36 Ulcers and erosions: Erythema multiforme, toxic epidermal necrolysis and Stevens-Johnson syndrome

36 Ulcers and erosions: Erythema multiforme, toxic epidermal necrolysis and Stevens-Johnson syndrome

Figure 36.1 Erythema multiforme etiology.

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Figure 36.2 Erythema multiforme pathogenesis.

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Figure 36.3 Erythema multiforme.

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Figure 36.4 Erythema multiforme.

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Figure 36.5 Erythema multiforme target lesions.

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Figure 36.6 Erythema multiforme treatment.

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Table 36.1 Main causal factors in erythema multiforme.

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Erythema multiforme

Definition: Erythema multiforme (EM) is a mucocutaneous condition mediated by antigen-antibody (immune complex – mainly IgM) deposition in the superficial microvasculature of skin and mucous membranes.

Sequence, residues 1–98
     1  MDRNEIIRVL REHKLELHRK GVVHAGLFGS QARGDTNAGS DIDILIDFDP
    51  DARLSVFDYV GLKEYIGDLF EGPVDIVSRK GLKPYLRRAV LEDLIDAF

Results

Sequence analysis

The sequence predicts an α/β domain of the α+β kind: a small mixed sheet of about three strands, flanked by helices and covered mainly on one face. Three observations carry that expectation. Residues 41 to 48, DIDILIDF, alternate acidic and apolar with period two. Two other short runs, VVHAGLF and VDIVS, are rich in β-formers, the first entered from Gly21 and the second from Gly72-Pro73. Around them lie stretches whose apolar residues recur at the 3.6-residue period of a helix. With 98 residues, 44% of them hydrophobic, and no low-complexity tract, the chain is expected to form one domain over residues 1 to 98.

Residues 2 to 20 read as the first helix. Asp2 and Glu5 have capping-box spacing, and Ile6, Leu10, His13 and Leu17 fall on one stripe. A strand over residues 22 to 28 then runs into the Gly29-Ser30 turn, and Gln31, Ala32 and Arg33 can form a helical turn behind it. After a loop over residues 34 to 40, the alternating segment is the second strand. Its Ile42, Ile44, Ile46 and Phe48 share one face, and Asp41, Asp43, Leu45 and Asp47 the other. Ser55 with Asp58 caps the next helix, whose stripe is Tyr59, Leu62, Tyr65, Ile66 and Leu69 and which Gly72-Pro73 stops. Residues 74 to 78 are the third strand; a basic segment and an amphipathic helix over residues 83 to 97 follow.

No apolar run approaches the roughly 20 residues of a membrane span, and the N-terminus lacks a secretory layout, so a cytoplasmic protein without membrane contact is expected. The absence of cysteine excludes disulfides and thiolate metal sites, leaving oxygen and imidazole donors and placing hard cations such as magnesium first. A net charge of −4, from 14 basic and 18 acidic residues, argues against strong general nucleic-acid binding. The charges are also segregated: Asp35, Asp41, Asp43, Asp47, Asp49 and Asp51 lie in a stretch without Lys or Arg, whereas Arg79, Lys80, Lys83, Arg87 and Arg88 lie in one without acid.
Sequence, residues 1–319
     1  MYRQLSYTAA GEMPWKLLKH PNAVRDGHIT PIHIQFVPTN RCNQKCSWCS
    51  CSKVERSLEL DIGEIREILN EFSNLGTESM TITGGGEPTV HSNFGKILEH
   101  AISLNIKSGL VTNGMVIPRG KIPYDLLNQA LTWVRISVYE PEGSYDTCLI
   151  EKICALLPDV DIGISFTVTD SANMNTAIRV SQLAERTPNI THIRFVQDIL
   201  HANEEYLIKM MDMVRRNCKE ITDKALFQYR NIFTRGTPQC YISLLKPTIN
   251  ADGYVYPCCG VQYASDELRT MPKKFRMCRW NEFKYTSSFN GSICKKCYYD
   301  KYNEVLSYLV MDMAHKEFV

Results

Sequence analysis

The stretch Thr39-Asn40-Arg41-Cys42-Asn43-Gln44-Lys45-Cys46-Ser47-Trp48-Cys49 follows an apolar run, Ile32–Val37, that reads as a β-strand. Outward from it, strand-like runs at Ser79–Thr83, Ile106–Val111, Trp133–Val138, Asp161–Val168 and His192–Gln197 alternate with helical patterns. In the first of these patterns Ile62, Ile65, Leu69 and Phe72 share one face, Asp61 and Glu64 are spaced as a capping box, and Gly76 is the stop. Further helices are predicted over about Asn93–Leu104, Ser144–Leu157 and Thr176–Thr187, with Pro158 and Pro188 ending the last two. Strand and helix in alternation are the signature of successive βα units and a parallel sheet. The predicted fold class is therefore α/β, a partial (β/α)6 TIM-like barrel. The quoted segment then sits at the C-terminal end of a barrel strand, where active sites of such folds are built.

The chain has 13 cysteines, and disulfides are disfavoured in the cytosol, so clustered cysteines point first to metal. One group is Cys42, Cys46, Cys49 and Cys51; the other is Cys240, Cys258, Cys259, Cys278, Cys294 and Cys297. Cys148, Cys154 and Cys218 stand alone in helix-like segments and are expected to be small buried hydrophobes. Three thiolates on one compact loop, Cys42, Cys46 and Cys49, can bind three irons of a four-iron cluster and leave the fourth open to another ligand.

Prevalence (approximate): Uncommon.

Age mainly affected: Younger adults in second and third decades.

Gender mainly affected: M > F.

Etiopathogenesis: There may be a genetic predisposition, with various HLA associations (e.g. patients with extensive mucosal involvement may have HLA-DQB1*0402). A putative immunological hypersensitivity reaction usually to various micro-organisms or drugs (Figure 36.1) (Table 36.1), results in immune complexes and the ingress of cytotoxic CDimages T lymphocytes, inducing keratinocyte apoptosis and satellite cell necrosis (Figure 36.2).

Diagnostic features

EM minor (accounts for 80%) is a mild, self-limiting rash usually affecting one mucosa. EM major is a severe, life-threatening variant that overlaps with toxic epidermal necrolysis (see below) and involves m/>

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Jan 12, 2015 | Posted by in Oral and Maxillofacial Pathology | Comments Off on 36 Ulcers and erosions: Erythema multiforme, toxic epidermal necrolysis and Stevens-Johnson syndrome
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